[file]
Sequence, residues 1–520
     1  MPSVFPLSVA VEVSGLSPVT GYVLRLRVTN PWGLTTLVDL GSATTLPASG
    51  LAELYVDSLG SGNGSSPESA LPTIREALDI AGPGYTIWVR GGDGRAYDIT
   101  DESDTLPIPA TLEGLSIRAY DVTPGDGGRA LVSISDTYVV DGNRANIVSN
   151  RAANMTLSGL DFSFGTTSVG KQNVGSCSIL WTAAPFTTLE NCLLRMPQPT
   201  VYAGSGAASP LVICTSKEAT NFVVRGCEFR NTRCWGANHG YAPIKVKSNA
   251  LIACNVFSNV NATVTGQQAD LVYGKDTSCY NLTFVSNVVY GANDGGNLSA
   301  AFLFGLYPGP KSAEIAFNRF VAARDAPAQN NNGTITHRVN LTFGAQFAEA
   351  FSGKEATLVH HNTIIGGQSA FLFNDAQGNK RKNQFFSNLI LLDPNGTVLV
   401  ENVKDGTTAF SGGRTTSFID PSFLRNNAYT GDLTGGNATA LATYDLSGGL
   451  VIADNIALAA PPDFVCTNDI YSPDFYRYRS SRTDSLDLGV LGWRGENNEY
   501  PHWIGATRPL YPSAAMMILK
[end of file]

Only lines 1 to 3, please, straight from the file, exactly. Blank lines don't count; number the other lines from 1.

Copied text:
Sequence, residues 1–520
     1  MPSVFPLSVA VEVSGLSPVT GYVLRLRVTN PWGLTTLVDL GSATTLPASG
    51  LAELYVDSLG SGNGSSPESA LPTIREALDI AGPGYTIWVR GGDGRAYDIT